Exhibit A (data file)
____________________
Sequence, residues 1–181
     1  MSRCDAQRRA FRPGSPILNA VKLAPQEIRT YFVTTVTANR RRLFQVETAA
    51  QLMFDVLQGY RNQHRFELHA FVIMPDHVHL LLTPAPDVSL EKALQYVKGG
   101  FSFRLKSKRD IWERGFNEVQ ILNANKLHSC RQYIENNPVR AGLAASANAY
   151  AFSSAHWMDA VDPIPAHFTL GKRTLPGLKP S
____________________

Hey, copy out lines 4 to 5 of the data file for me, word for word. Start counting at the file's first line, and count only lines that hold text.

   101  FSFRLKSKRD IWERGFNEVQ ILNANKLHSC RQYIENNPVR AGLAASANAY
   151  AFSSAHWMDA VDPIPAHFTL GKRTLPGLKP S